However, when Delia teaches, the computer room is never available. Printing full color pictures can easily become expensive and impractical. Delia has found that magazines are a wonderful source of photos that interest older learners. Credit card companies and insurance companies tend to run ads in which one full page is a picture without any text on it (logos should not be used in class!). These pictures often depict fanciful things. One of Delia’s best loved pictures is of a young, smartly dressed woman, standing in a kitchen filled with clothes, shoes and bags. This woman has turned her kitchen into a closet! Both boys and girls are intrigued by that idea!
Language at all levels can be practiced with such pictures. Simple tasks such as “Name three items that can be found in this kitchen” or more advanced reasoning tasks such as completing the statement “We can infer that the woman in the picture doesn’t have financial problems because…” can both be done with the same picture.
Many pupils tend to respond to questions in a concrete manner. A common exam question is “Where could you find such a text?” (the answer expected would be “in a newspaper” or “in a personal diary” or on a notice board”). Yet many pupils reply “I can’t find such a text/picture”. By focusing on such a question when using pictures, the students learn that they must relate to the fact that if it’s an ad, it would probably be found in a magazine or newspaper, etc.
Pictures are also useful for practicing questions using common tricky phrases such as “The woman looks pleased”. Pupils tend to think that the word “look” only has one meaning and confuse “pleased” with “please”.
Delia and David are both incredibly creative and use the pictures to practice many question formats. They put into practice the finding that “effective instruction makes use of “rich classroom instruction involving eclectic techniques” (McKeown, Beck, Omanson & Pope, 1985).
However, at some point a pupil will invariable say “But there are no pictures on the national exams!” The teachers respond by giving the pupils a short text written by both teachers about the pupils and/or their school. Thus, while they are asked to deal with a text in addition to dealing with the questions, they really should be able to answer the questions easily if they THINK. And this is an excellent opportunity to show the pupils that sometimes they work without thinking. For example, Delia asked her pupils: “Do all the pupils in our class come to school by bus?” The following is written in the text: “most pupils come to school by bus”. Some pupils saw the word “bus” in the text and immediately wrote “yes”. But when she pointed out that they know that two of their classmates walk to school every day they admitted they hadn’t even stopped to think about what they were doing.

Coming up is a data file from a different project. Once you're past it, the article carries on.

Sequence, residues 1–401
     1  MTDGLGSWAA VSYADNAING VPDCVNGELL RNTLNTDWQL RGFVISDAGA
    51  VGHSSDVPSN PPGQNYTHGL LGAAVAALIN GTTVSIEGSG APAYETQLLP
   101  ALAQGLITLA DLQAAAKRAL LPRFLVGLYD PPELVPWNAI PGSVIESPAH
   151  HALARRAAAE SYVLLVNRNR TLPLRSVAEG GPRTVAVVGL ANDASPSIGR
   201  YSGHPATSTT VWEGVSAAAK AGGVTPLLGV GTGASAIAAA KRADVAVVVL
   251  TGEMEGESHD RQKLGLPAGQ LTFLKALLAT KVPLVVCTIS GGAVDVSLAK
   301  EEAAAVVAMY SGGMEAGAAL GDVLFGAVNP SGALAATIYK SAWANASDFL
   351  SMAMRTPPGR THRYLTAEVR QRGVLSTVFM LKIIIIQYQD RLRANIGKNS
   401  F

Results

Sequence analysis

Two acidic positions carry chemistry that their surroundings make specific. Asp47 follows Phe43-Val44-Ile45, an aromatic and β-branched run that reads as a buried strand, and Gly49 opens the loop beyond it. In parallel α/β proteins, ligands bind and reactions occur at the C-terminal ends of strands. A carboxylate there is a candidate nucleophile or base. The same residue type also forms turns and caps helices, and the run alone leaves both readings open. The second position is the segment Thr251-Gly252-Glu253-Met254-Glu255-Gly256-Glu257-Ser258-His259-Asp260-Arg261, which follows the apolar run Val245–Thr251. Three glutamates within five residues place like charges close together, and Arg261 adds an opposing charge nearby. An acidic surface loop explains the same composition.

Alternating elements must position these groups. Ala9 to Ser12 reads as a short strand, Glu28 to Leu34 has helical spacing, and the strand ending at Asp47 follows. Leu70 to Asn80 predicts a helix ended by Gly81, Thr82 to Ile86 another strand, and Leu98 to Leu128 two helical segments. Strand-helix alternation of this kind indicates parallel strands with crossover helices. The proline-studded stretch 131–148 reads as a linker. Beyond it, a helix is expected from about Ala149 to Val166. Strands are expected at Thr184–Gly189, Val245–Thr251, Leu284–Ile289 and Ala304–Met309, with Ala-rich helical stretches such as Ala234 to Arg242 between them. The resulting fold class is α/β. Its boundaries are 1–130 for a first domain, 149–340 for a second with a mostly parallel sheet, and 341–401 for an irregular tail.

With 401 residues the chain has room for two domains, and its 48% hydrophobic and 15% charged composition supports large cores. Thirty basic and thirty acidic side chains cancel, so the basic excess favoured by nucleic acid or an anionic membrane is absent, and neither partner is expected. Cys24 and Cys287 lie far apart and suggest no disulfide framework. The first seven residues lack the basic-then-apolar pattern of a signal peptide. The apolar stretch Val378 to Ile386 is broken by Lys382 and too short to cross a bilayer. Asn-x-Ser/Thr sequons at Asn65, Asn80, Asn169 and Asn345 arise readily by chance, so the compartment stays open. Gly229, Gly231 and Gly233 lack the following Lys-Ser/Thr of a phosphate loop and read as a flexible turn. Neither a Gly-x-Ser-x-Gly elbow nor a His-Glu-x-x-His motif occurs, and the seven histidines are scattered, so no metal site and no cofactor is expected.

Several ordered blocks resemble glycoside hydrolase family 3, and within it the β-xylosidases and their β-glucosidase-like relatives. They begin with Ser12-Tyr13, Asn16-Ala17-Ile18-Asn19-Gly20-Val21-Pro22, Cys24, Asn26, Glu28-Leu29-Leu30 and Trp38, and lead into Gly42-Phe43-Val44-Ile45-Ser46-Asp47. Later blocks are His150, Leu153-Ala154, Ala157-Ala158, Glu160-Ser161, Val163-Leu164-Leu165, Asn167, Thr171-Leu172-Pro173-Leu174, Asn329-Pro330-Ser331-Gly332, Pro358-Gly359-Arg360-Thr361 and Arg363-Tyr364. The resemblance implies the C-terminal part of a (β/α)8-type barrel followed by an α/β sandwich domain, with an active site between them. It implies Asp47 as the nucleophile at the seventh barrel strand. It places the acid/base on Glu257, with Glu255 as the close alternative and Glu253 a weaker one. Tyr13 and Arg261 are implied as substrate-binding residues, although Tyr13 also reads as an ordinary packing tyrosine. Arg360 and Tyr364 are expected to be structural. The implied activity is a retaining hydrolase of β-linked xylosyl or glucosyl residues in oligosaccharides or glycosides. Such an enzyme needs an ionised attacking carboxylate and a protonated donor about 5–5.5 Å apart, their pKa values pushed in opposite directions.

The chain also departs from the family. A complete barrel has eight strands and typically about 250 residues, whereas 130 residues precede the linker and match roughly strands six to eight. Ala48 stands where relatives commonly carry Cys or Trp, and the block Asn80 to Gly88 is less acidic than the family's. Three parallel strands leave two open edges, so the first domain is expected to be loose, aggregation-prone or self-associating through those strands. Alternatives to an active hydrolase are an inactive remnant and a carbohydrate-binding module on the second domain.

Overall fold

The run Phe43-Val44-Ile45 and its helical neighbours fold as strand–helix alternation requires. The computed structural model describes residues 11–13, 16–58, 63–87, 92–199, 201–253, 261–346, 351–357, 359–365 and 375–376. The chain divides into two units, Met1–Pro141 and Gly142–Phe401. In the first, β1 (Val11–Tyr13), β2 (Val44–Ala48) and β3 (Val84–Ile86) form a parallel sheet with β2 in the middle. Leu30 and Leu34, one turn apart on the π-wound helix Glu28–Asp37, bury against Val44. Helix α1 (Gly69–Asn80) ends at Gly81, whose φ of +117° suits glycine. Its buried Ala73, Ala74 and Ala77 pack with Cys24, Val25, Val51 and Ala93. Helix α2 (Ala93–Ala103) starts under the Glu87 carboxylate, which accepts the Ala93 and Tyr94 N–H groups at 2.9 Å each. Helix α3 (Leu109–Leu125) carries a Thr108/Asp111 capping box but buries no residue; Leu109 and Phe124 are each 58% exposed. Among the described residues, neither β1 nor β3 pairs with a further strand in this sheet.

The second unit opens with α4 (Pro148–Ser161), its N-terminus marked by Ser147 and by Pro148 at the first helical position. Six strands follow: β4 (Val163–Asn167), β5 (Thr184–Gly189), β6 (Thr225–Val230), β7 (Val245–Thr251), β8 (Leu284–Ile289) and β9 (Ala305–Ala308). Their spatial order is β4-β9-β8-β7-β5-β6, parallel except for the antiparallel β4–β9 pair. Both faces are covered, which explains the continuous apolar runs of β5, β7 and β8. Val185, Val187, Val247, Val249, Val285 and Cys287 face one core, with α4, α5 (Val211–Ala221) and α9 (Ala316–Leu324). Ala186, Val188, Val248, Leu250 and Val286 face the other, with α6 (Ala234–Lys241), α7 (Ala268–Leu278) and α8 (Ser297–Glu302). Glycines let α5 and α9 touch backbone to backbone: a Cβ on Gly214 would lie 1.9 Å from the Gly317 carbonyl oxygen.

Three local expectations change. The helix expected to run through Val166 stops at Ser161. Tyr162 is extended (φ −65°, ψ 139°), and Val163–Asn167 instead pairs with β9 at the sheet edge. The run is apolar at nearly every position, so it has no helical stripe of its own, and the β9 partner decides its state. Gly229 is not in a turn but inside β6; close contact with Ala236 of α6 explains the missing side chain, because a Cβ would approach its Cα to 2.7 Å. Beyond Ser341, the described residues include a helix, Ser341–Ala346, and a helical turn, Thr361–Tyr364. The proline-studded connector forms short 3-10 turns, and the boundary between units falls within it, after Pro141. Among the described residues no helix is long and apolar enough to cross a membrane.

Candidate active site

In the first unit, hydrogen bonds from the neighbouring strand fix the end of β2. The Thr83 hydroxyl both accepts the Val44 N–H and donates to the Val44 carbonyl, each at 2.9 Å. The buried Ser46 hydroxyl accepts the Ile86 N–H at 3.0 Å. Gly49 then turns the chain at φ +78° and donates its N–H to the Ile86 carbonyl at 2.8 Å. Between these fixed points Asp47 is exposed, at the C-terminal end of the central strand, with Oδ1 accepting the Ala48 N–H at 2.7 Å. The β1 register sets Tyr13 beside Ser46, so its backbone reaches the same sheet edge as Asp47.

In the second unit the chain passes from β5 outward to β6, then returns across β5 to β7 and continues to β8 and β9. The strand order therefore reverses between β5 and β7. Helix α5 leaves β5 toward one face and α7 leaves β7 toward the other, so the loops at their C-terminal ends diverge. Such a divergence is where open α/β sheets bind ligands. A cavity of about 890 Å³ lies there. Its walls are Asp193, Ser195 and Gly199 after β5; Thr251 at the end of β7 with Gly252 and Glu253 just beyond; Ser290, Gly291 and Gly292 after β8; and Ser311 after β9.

In conclusion, by separating the tasks the pupils were required to focus on, Delia and David found that their students’ reading comprehension scores improved. You can still find both teachers marking tests on Wednesdays, at 11 a.m. in the high school teacher’s room. But as the year progresses, they have fewer and fewer outrageous answers to compare.
Beck, I., Perfetti C. & Meckeown, M. (1982). Effects of long term vocabulary instruction on lexical access and reading comprehension Journal of educational psychology, 74(4) 506-521
McKeown, M., Beck, I., Omanson R. & Pope M. (1985). Some effects of the nature and frequency of vocabulary instruction on the knowledge and use of words. Reading Research Quarterly, 20 (5) 522-535
Pressley, Borkowski & Schneider (1989) as quoted in Becker M., McElvany N., & Kortenbruck M. (2010). Intrinsic and Extrinsic Reading Motivation as predictors of Reading Literacy: A Longitudal Study. Journal of Educational Psychology Vol. 102, (4) 773-785
Note: This article by Naomi Ganin-Epstein originally appeared on Teaching Village, and is licensed under a Creative Commons, Attribution-Non Commercial, No Derivatives 3.0 License. If you wish to share it you must re-publish it “as is”, and retain any credits, acknowledgements, and hyperlinks within it.